News: Another Iraqi policeman saved by U.S. service members
Story by Cpl. Tyler Barstow
By Cpl. Tyler B. Barstow
1st Marine Logistics Group
CAMP TAQADDUM, Iraq - Service members from across Camp Taqaddum rushed to help save a life during a "walking blood bank," June 19.
The day was coming to an end for most service members when the call for B positive blood came, but for the staff at Camp Taqaddum Surgical, it was just beginning. They rushed about organizing a "walking blood bank" while they stabilized an Iraqi policeman that was injured by an improvised explosive device.
"We're here to save life, limb or eyesight," explained Lt. j.g. Lindsay M. Touchette, a nurse with TQ Surgical, 1st Supply Battalion (Reinforced.) The IP had his right leg and left foot amputated and suffered an injury to his right hand. The surgeons performed damage control to help stabilize the patient and refilled him with the blood he needed before he was shipped out.
This is where the donors came in.
"That's the guy right there, he's ready," said Cpl. Ryan Winkelbauer, an Omaha, Neb., native with Maintenance Co., 1st Supply Bn. (Rein) as he pointed out a throbbing vein on his extended forearm.
Service members from across the base came to resupply the patient's lost blood. The fresh supply provides the necessary blood particles to handle the situation, without taking from the reserves stored at TQ Surgical.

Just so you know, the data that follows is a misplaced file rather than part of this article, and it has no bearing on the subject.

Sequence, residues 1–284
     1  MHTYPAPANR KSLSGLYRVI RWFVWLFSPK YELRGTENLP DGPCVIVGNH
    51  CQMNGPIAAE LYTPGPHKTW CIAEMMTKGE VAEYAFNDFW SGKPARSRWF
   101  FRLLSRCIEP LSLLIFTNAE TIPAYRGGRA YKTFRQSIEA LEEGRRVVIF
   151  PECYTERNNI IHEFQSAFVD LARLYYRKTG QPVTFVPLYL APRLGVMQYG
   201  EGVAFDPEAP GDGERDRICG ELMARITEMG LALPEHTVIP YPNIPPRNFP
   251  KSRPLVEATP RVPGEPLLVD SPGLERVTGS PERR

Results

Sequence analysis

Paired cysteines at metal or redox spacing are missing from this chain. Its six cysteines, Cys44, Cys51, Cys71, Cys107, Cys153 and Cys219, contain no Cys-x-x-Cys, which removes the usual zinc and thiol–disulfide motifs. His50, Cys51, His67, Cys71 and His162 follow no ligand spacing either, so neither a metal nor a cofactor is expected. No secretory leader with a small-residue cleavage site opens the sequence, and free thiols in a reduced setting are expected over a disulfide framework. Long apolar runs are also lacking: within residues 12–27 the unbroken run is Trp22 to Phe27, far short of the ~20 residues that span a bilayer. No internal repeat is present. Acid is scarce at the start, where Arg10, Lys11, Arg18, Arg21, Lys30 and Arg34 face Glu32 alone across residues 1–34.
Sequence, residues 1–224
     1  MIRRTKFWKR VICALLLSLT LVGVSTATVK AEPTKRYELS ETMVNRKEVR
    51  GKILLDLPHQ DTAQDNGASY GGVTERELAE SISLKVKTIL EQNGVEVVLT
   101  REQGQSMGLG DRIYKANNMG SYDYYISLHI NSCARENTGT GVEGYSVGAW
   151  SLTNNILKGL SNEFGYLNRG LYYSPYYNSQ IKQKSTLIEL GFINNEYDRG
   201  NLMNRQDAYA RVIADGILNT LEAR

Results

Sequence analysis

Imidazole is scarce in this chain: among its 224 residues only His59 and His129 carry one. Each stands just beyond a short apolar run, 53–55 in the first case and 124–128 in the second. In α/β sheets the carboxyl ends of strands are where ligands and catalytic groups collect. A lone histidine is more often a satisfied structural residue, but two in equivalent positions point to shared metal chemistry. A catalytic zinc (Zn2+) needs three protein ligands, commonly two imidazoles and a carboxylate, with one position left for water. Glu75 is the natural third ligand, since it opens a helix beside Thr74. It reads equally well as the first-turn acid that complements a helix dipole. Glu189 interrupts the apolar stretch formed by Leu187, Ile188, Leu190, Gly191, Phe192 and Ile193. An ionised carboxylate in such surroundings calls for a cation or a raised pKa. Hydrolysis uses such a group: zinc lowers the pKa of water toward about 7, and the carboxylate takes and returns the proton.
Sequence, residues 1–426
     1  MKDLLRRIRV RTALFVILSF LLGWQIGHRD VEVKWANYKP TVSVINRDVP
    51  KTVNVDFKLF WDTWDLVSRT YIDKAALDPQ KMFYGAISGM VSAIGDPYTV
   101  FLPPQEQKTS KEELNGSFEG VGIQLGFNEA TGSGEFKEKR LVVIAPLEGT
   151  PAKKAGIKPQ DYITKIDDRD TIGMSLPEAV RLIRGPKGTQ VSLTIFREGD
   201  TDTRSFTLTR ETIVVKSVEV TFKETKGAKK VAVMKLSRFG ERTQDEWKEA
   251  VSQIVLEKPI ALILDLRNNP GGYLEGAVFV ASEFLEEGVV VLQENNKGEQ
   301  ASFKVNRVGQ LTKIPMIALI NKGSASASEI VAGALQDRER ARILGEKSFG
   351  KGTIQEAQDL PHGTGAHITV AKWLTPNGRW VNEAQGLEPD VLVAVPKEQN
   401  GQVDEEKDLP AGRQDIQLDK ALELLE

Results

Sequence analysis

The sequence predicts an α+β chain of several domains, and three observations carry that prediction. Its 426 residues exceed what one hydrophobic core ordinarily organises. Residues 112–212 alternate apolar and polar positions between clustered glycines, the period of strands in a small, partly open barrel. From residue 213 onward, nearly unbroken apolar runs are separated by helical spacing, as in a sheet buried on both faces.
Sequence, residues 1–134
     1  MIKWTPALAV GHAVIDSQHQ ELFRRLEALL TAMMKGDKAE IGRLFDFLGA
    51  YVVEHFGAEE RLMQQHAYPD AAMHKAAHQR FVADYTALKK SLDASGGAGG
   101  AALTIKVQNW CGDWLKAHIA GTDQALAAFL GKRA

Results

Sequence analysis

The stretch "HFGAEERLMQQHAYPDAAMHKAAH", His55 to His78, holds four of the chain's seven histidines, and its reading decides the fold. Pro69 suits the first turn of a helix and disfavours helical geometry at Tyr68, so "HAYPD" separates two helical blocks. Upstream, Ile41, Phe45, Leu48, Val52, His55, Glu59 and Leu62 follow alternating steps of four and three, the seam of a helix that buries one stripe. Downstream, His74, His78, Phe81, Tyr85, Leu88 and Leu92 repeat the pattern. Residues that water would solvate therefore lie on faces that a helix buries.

Rather than providing specific components, such as blood platelets or blood plasma, a transfer of one unit of blood (about a pint) from a donor to the patient is the best for everyone.
"The fresh, whole blood replaces exactly what they need and it's absolutely paramount in theatre," explained Navy Capt. Joseph P. Costabile, the acting chief of professional services with TQ Surgical.
With all the moving pieces flowing together, the staff drew seven units of blood and screened nearly 20 applicants.
The corpsmen worked continuously, moving back and forth between drawing blood and checking vital signs. The rush to get the amount they needed and stay organized is nothing new to the staff.
"Out here, it's like second nature," explained Petty Officer 3rd Class Duy N. Giang, a corpsman with Shock Trauma Platoon, who assisted with drawing blood to be tested. "We've done it so many times, we know what's needed once we get the call," said the 25-year-old from Houston.
Sailors, Soldiers and Marines filled the narrow hallway waiting to do their part and give some of their own supply of blood to someone in need.
"I did (give blood) in high school but it means more here," said Cpl. Taylor C. Kennedy, an avionics electrician technician with Marine Light Attack Helicopter Squadron 367, 3rd Marine Aircraft Wing.
The donation of blood through the "walking blood bank" is of the utmost importance for patients, service members and the staff.
This is the third time this week donors were needed to save the lives of their Iraqi counterparts. Earlier this week, two IPs were injured and relied on the "walking blood bank" provided by TQ Surgical to get the care they needed. With the help of willing donors and the capable staff, they were all stabilized before being transferred for further care.
"We'd be out of our supply right now," Costabile said. "The walking blood bank saved lives without going through our resources."